Brands adapt on Twitter

13 December 2011

NEW YORK: Brand owners like Southwest Airlines, Whole Foods and Best Buy are continuing to adapt their strategies on Twitter, as understanding grows about the possibilities and pitfalls the site presents.

Whole Foods, the grocery chain, possesses over 2m followers on Twitter, and sets aside an hour each week to participate directly in conversations on various matters with members of the microblog.

More broadly, customer service has been the main point of emphasis, with Michael Bepko, Whole Foods' global online community manager, dedicating about 90% of his time to engaging individuals.

"The online community doesn't recognize office hours-nor should they," he told the Wall Street Journal. "Waiting until Monday is just not good enough."

Best Buy, the electronics retail group, runs various different Twitter accounts, ranging from one offering deals to another tied to the "Geek Squad", which helps people experiencing technological problems.

Its "Twelpforce" customer service channel also draws on the expertise of roughly 3,000 staff from across the company, who can all respond to queries regarding, say, what products to purchase.

"There is no right answer often," Gina Debogovich, the social media leader for Best Buy in the US, said.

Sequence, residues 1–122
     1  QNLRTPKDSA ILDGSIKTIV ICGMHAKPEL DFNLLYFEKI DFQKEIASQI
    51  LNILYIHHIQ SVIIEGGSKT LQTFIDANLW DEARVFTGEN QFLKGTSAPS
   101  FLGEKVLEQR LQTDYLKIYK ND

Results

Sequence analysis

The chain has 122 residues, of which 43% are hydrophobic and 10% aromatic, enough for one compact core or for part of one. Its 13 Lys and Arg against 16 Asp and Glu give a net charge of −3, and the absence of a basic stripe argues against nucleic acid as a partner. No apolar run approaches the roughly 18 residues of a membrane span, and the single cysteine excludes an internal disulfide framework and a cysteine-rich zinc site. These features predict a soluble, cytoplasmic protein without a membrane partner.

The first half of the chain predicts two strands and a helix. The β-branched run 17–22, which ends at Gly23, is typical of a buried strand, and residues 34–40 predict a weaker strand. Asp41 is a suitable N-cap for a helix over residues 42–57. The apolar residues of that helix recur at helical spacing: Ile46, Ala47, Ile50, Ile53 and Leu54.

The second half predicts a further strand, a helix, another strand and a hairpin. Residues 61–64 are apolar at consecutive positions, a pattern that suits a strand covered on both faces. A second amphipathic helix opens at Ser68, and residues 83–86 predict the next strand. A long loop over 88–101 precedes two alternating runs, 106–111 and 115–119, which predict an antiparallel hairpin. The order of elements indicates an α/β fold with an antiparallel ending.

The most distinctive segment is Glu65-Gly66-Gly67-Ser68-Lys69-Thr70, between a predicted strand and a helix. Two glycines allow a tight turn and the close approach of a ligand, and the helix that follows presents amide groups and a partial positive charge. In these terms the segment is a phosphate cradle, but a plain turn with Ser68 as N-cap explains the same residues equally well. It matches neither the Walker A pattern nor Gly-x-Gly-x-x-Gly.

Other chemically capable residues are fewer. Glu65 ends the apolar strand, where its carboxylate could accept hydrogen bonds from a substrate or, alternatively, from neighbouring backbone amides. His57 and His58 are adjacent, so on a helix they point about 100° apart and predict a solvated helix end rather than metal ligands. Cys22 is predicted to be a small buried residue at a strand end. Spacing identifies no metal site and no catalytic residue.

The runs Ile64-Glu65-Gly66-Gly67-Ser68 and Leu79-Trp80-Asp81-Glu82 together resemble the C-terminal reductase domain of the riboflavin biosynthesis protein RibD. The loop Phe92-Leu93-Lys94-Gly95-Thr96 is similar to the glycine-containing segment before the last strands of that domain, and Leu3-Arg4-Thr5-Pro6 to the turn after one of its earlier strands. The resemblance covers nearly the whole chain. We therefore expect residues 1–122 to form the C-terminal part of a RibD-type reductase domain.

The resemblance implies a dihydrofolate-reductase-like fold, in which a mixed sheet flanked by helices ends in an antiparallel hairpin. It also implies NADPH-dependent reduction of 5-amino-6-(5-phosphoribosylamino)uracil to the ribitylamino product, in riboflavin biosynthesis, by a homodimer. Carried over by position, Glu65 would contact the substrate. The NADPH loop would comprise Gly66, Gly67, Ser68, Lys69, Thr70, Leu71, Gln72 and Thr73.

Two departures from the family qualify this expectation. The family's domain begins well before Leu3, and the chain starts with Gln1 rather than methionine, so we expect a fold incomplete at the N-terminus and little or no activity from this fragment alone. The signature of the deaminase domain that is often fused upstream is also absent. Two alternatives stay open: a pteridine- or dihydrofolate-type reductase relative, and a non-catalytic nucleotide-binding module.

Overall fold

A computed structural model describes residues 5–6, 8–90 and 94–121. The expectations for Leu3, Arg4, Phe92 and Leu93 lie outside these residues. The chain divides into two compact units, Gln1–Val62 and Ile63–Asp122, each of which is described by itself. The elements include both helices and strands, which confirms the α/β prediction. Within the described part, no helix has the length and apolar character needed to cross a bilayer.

Southwest Airlines boasts around ten staff working on Twitter from between 5am and 11pm, and allocated significant resources to training employees in this area.

"Can you imagine if you called into an airline and the person who answered the phone had to ask someone else for the answer?" said Christi McNeill, Southwest's social and emerging media specialist.

Some brands, however, have witnessed greater difficulties. Chrysler, for example, split with New Media Strategies after a member of the social media agency's staff posted a less than complimentary remark about Detroit's drivers on its Twitter feed.

Kenneth Cole, the apparel manufacturer, faced a similar problem after an official tweet suggested the Egyptian uprising earlier this year was linked to the fact protestors had heard its "new spring collection was available online".

Elsewhere, American Airlines recently challenged a tweet by actor Alec Baldwin saying he had been removed from a flight for playing Words With Friends, an online game. Baldwin later apologised to other travellers and deactivated his Twitter feed.

Data sourced from Wall Street Journal; additional content by Warc staff